Bartender of the Month: January 2005

By Fritz Hahn
washingtonpost.com Staff Writer
Saturday, January 1, 2005;

Who: Sambonn "Sam" Lek
Where:The Town & Country Lounge (Inside the Mayflower Hotel)
Why we like him: A legend on the Washington bar scene, Sambonn "Sam" Lek came to the United States from Cambodia in 1974 and got a job as a dishwasher at Blackie's. Two years later, the Mayflower Hotel's Town and Country Lounge hired him (straight out of hotel/motel school); and he's been behind the bar ever since, welcoming a steady stream of regulars. (Sam says he sent out about 3,000 Christmas cards to customers last month.)

There are 101 cocktails on the menu, and "We change them a lot," Sam explains. "If some of them don't sell, we'll make new ones." Most suggestions come from customers. "Let's say you like litchis. Well, I can make a drink with litchis. Or you say you like one drink, but you say you'd like it sweeter. I can try something new." He's using this knowledge to write a book of cocktail recipes.

Sambonn "Sam" Lek is responsible for the 101 martinis on the Town & Country Lounge's cocktail menu. (Fritz Hahn - washingtonpost.com)

_____Bartender of the Month_____

Who's your favorite bartender? Tell us, and we may put him or her on the spot next month.

Read about our previous bartenders of the month.

But Sam's customers don't just come see him because he's a master drink maker. They come because he's friendly and remembers names and favorite drinks. He does magic tricks, too, making $20 bills levitate or change into a pair of tens in the blink of an eye.

Sam is also the president and founder of the charity Sam Relief. So far, Sam Relief has built six schools in Cambodia, and "in 2005, we will build three more," he says proudly. The money comes from donations from regulars, as well as special fundraising happy hours in the lounge. (You can find out more about the organization at www.samrelief.org.)

Like clockwork, you'll find Sam behind the Mayflower's bar from 5 p.m. to 2 a.m. Monday through Friday. Well, not always -- every July, Sam says, he goes to Cambodia to work with his charity for six weeks or so.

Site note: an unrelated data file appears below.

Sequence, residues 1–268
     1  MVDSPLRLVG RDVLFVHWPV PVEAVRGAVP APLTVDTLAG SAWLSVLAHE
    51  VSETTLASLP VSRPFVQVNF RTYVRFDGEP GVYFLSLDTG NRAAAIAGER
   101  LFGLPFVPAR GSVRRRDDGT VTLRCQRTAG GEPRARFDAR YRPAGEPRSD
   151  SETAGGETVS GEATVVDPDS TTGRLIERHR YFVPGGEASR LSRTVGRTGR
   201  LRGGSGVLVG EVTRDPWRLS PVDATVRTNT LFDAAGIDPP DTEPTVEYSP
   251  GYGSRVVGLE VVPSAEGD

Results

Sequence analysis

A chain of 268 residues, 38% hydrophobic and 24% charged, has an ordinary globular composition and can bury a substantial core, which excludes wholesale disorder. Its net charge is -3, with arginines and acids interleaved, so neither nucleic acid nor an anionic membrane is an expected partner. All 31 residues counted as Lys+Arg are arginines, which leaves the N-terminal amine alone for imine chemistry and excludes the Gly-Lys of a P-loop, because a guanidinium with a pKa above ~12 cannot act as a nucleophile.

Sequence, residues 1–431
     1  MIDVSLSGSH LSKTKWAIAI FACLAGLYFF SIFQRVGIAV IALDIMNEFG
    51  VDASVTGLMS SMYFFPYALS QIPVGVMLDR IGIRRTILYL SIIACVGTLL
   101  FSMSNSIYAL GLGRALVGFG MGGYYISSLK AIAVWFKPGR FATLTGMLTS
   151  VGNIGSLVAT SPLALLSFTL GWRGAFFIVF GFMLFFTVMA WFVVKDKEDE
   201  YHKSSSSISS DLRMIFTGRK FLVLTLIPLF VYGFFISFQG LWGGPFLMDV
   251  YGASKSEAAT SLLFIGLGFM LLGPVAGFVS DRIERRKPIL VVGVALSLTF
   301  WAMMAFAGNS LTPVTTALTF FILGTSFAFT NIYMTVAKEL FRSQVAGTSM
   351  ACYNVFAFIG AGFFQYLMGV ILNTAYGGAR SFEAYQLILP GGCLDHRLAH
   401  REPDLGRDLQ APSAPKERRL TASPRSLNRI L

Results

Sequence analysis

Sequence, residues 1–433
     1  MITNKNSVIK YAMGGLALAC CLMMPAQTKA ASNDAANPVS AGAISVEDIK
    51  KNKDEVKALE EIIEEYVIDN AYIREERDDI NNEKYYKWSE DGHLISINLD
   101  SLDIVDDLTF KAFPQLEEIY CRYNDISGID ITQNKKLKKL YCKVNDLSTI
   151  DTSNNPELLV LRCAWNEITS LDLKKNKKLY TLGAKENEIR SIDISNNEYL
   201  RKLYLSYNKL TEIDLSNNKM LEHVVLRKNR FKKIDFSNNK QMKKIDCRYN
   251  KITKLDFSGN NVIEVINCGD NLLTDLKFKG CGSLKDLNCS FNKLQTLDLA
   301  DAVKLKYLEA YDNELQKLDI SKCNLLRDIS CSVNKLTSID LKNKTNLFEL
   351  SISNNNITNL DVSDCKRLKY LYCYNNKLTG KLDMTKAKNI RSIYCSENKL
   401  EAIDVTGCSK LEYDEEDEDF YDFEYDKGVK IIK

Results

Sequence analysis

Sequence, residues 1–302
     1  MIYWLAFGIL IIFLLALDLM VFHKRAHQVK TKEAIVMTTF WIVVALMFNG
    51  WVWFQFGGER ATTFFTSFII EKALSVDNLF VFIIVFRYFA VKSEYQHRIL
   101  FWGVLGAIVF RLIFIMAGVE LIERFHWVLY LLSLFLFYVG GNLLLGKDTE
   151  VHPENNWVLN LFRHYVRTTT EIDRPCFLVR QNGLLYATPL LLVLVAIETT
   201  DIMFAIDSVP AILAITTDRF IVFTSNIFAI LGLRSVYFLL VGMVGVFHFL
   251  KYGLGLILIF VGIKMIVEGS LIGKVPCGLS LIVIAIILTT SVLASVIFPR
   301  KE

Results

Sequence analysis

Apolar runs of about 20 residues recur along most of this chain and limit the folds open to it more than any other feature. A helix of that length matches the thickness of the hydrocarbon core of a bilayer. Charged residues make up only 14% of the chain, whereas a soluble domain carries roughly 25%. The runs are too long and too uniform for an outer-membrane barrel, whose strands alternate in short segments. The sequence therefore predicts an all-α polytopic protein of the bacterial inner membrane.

What's YOUR favorite drink?
Personally, I drink very little, but when I'm out with my wife, I'll drink a little red wine. But I don't drink -- my body doesn't like it.

What's the drink you make most often?
A lot of Sam-I-Am (Ketel One Citroen, cranberry juice and Amaretto), Cosmos and the Apple Tree, which is my version of an Apple Martini. We make mojitos, too -- we use the right sugar, which is why it tastes differently than everywhere else.

What was the last drink you didn't know how to make?
It's hard. We had a customer from California who asked for something, but let's put it this way -- If you go to California and ask for a Sam-I-Am, they won't know what it is. But I like to learn from my customers; if they like something, I like to learn how to make it.

What do you have to do to get '86ed?
Have too much to drink. But I usually just tell them, "Sir, you've had too much, let's have some coffee."

What's the best pickup line you've ever overheard?
Actually, I can usually tell, "Oh, you like her," or "You like him." So I'll ... do a magic trick and it gives them something to talk about.

What song do you wish they'd take off the jukebox?
[The piano player] doesn't bother me. They usually don't repeat too many songs. The thing that bothers me are customers' cell phones, when they ring and they don't answer them.

The first sign a patron's drunk is:
Blurred red eyes, the way they talk, they spill drinks.

Have you ever dated/gone home with someone you met while you were working?
Oh no, I can't. A lot of women love me a lot, but I can't do it. I'm married.

How cheap are people, really?
You get rich people and poor people. I say: You win some and you lose some. But I treat them all the same.

What piece of bar etiquette do you wish people would learn?
Be friendly, be courteous and be honest.

Give us a piece of advice.
We all have good and bad days. After rain, we can have a beautiful day.

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